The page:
If you’re like most people in the world you probably enjoy your food. And if you’ve been with us for a while you know people can enjoy some strange things. But this isn’t about strange food. This about strange ingredients. From beaver secretions to duck feathers, these are the 25 of the strangest ingredients found in your food.
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Basically anything with red coloring contains ground up, carmine filled abdomens from bugs that were most likely killed by immersion in hot water.
Often found in mass produced bread products this is actually an amino acid collected from either duck feathers or human hair.
Made from dried fish bladders this ingredient gives beer its golden hue.
What’s wrong with beef fat you ask? Well nothing, until you find out that it’s one of the many strange ingredients you consume in a twinkie.
AKA calf stomach; this stuff is used to make cheese.
Number 199 on the United Nations list of most dangerous goods, it was once a very common source of red food coloring.
A sugar alcohol used in medicines, gums, mouthwash, and even cigarettes, sorbitol is actually a laxative when consumed in large quantities
The same substance that gives soda its acidity is also used to remove rust and power fuel cells.
Aside from being a relatively common food additive, other places that you’ll find it include dry cleaning solutions, silly putty, and head lice treatments.
Found in dairy products, sauces, and salad dressings, this is basically the same bacteria that eat rotting vegetables.
Used in a number of sweets and jello products, gelatin is about 50% boiled pig skin and 25% cow bones.
Normally used to enhance flavor this categroy 2B carcinogen may be hard to find outside the United States. The EU, Brazil, Nigeria, Peru, and even China have banned it.
While most people know there is MSG in their Chinese takeout they don’t know why. It’s actually there to enhance flavor. MSG does have a flavor of its own as well. It is known as “umami” and interestingly enough has been claimed to be the 5th major taste (sweet, sour, salty, and bitter being the other four).
Commonly used to soften chewing gum this is an oily secretion found in sheep’s wool.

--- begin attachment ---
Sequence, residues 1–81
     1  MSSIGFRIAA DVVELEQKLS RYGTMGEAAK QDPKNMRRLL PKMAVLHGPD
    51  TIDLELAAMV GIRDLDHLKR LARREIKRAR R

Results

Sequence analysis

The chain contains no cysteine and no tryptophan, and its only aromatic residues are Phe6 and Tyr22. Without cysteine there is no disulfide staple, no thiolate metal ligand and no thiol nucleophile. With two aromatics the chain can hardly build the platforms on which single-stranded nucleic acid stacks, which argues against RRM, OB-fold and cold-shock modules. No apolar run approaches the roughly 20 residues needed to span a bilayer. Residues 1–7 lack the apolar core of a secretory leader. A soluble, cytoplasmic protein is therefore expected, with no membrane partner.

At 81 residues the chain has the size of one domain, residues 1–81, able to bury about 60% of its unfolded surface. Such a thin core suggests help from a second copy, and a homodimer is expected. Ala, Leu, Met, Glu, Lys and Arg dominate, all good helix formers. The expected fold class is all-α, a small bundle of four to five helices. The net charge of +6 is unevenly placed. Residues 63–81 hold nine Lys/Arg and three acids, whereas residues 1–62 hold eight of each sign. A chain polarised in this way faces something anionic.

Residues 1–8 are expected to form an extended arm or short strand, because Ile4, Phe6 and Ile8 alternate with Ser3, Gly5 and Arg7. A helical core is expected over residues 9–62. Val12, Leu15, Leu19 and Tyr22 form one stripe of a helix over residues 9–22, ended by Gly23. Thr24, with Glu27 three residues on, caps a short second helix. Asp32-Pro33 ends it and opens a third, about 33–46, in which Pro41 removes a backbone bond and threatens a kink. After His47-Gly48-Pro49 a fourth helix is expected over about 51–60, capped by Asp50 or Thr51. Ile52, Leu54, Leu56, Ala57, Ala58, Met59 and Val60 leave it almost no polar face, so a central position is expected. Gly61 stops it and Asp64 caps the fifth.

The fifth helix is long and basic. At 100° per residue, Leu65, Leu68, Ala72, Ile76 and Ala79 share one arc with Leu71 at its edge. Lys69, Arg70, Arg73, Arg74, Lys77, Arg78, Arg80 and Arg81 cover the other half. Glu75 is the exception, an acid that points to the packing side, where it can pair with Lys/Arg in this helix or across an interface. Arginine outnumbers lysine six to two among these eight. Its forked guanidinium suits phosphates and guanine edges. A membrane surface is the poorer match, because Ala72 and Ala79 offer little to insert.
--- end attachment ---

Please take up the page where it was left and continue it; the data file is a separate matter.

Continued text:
A fancy word for bone char, which is basically the ashes of burned animals, it is often used to filter sugar.
Nearly every candy with a shiny outer layer is covered in the refined secretions of kerria lacca insects, otherwise known as shellac. Of course, most people are probably familiar with its use in nail polish and cosmetics.
If a little bit of fertilizer got through to our food that would be understandable, but this stuff is basically poured into bread dough by the gallon. Why? It makes the yeast more consistent. Oh yea, it’s also flame retardant. At least you can’t burn the bread, right?
Whether or not it is good for you is up for debate but the fact remains – if you live in America then yours is the only developed country on Earth that lets you drink cows given this hormone.
This popular food preservative is also used in fireworks and pyrotechnics.
Sometimes used as a substituted for diary products in baked goods, this substance doesn’t spoil. Think about that for a second…not even bacteria wants to touch it.
It is made of seaweed and is used as a vegetarian alternative to gelatin.
High Fructose Corn Syrup
While it may not be too strange that it is in your food, the fact that it has nearly replaced sugar as the primary sweetener in the Western Hemisphere is a bit mind boggling.
Also known as Butylated hydroxytoluene, this organic compound is used as an antioxidant additive in everything from jet fuel to breakfast cereal.
It’s often used in restaurants as an anti caking agent for making chili, you may recal the more common name of this substance from high school chemistry class – sand.
Collected from the secretions of a beaver’s anal gland this substance is quite often used in vanilla ice cream